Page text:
Believers are to dedicate themselves to God. (1,2) To be humble, and faithfully to use their spiritual gifts, in their respective stations. (3-8) Exhortations to various duties. (9-16) And to peaceable conduct towards all men, with forbearance and benevolence. (17-21)
Verses 1-2 The apostle having closed the part of his epistle wherein he argues and proves various doctrines which are practically applied, here urges important duties from gospel principles. He entreated the Romans, as his brethren in Christ, by the mercies of God, to present their bodies as a living sacrifice to Him. This is a powerful appeal. We receive from the Lord every day the fruits of his mercy. Let us render ourselves; all we are, all we have, all we can do: and after all, what return is it for such very rich receivings? It is acceptable to God: a reasonable service, which we are able and ready to give a reason for, and which we understand. Conversion and sanctification are the renewing of the mind; a change, not of the substance, but of the qualities of the soul. The progress of sanctification, dying to sin more and more, and living to righteousness more and more, is the carrying on this renewing work, till it is perfected in glory. The great enemy to this renewal is, conformity to this world. Take heed of forming plans for happiness, as though it lay in the things of this world, which soon pass away. Do not fall in with the customs of those who walk in the lusts of the flesh, and mind earthly things. The work of the Holy Ghost first begins in the understanding, and is carried on to the will, affections, and conversation, till there is a change of the whole man into the likeness of God, in knowledge, righteousness, and true holiness. Thus, to be godly, is to give up ourselves to God.
Verses 3-8 Pride is a sin in us by nature; we need to be cautioned and armed against it. All the saints make up one body in Christ, who is the Head of the body, and the common Centre of their unity. In the spiritual body, some are fitted for and called to one sort of work; others for another sort of work. We are to do all the good we can, one to another, and for the common benefit. If we duly thought about the powers we have, and how far we fail properly to improve them, it would humble us. But as we must not be proud of our talents, so we must take heed lest, under a pretence of humility and self-denial, we are slothful in laying out ourselves for the good of others. We must not say, I am nothing, therefore I will sit still, and do nothing; but, I am nothing in myself, and therefore I will lay out myself to the utmost, in the strength of the grace of Christ. Whatever our gifts or situations may be, let us try to employ ourselves humbly, diligently, cheerfully, and in simplicity; not seeking our own credit or profit, but the good of many, for this world and that which is to come.
Verses 9-16 The professed love of Christians to each other should be sincere, free from deceit, and unmeaning and deceitful compliments. Depending on Divine grace, they must detest and dread all evil, and love and delight in whatever is kind and useful. We must not only do that which is good, but we must cleave to it. All our duty towards one another is summed up in one word, love. This denotes the love of parents to their children; which is more tender and natural than any other; unforced, unconstrained. And love to God and man, with zeal for the gospel, will make the wise Christian diligent in all his wordly business, and in gaining superior skill. God must be served with the spirit, under the influences of the Holy Spirit. He is honoured by our hope and trust in him, especially when we rejoice in that hope. He is served, not only by working for him, but by sitting still quietly, when he calls us to suffer. Patience for God's sake, is true piety. Those that rejoice in hope, are likely to be patient in tribulation. We should not be cold in the duty of prayer, nor soon weary of it. Not only must there be kindness to friends and brethren, but Christians must not harbour anger against enemies. It is but mock love, which rests in words of kindness, while our brethren need real supplies, and it is in our power to furnish them. Be ready to entertain those who do good: as there is occasion, we must welcome strangers. Bless, and curse not. It means thorough good will; not, bless them when at prayer, and curse them at other times; but bless them always, and curse not at all. True Christian love will make us take part in the sorrows and joys of each other. Labour as much as you can to agree in the same spiritual truths; and when you come short of that, yet agree in affection. Look upon worldly pomp and dignity with holy contempt. Do not mind it; be not in love with it. Be reconciled to the place God in his providence puts you in, whatever it be. Nothing is below us, but sin. We shall never find in our hearts to condescend to others, while we indulge conceit of ourselves; therefore that must be mortified.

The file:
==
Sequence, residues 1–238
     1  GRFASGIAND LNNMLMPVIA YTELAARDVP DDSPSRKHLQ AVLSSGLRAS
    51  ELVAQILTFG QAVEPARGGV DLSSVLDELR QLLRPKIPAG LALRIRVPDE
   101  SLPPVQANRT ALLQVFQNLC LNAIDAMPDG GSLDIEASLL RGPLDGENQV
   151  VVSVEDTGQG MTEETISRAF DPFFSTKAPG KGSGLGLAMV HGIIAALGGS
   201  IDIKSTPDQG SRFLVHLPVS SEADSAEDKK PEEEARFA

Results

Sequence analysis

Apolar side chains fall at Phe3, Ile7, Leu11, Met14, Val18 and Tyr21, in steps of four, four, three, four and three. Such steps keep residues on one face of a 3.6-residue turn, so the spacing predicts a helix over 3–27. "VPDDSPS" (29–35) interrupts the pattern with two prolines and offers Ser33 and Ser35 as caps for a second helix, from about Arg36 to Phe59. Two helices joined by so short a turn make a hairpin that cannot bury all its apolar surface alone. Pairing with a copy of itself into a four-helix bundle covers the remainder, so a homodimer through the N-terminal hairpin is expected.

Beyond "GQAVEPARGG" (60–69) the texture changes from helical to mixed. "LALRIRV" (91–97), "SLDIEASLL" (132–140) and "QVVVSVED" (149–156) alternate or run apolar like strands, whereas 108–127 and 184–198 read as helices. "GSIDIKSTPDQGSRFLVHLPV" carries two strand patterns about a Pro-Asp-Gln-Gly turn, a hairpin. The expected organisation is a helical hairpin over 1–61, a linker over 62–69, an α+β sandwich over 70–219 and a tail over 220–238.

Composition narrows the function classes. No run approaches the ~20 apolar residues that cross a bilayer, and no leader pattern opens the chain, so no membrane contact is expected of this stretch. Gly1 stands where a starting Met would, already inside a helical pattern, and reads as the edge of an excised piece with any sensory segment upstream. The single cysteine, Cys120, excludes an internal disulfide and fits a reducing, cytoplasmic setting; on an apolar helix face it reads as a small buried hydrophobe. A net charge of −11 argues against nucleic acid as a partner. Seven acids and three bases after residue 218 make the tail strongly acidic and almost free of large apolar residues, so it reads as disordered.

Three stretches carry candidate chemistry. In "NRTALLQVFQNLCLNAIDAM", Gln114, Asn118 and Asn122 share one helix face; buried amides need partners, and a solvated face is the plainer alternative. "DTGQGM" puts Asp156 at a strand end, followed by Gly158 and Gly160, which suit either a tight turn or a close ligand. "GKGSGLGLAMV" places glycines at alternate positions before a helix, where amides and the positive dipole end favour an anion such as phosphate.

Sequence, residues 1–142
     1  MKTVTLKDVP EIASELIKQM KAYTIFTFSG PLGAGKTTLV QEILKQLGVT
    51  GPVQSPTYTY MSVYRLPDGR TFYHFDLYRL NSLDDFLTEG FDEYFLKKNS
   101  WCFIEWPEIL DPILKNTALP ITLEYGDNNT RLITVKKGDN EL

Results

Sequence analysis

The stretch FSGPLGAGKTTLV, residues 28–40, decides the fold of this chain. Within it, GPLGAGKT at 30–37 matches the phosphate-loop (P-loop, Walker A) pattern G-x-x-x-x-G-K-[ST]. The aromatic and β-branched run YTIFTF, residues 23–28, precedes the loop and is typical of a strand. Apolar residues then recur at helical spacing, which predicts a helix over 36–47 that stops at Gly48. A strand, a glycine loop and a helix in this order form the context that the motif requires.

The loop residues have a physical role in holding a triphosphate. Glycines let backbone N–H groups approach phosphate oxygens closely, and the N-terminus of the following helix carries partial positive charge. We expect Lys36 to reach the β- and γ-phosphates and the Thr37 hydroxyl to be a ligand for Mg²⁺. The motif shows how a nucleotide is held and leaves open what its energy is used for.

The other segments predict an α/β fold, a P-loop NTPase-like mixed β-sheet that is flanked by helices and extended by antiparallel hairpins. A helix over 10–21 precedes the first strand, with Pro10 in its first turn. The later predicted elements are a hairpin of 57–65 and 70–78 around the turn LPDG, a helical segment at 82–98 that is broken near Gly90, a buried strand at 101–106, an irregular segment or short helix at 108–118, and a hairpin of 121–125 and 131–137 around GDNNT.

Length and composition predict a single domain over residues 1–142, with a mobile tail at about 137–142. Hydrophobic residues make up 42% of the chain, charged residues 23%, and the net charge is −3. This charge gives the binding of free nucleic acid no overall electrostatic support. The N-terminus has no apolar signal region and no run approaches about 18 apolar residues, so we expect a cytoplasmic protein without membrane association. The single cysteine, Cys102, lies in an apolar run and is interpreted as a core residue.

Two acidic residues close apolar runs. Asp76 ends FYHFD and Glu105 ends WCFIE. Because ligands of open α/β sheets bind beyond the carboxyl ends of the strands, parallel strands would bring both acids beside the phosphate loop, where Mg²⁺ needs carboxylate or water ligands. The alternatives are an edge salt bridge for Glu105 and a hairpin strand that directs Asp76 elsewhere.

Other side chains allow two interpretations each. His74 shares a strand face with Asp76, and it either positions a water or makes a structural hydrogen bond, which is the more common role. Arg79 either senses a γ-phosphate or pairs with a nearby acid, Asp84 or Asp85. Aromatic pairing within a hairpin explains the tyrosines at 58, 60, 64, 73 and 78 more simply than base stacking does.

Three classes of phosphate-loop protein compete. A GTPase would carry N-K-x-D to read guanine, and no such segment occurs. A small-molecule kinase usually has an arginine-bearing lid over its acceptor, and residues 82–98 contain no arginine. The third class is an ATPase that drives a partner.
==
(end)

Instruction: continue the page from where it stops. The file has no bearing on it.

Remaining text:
Verses 17-21 Since men became enemies to God, they have been very ready to be enemies one to another. And those that embrace religion, must expect to meet with enemies in a world whose smiles seldom agree with Christ's. Recompense to no man evil for evil. That is a brutish recompence, befitting only animals, which are not conscious of any being above them, or of any existence hereafter. And not only do, but study and take care to do, that which is amiable and creditable, and recommends religion to all with whom you converse. Study the things that make for peace; if it be possible, without offending God and wounding conscience. Avenge not yourselves. This is a hard lesson to corrupt nature, therefore a remedy against it is added. Give place unto wrath. When a man's passion is up, and the stream is strong, let it pass off; lest it be made to rage the more against us. The line of our duty is clearly marked out, and if our enemies are not melted by persevering kindness, we are not to seek vengeance; they will be consumed by the fiery wrath of that God to whom vengeance belongeth. The last verse suggests what is not easily understood by the world; that in all strife and contention, those that revenge are conquered, and those that forgive are conquerors. Be not overcome of evil. Learn to defeat ill designs against you, either to change them, or to preserve your own peace. He that has this rule over his spirit, is better than the mighty. God's children may be asked whether it is not more sweet unto them than all earthly good, that God so enables them by his Spirit, thus to feel and act.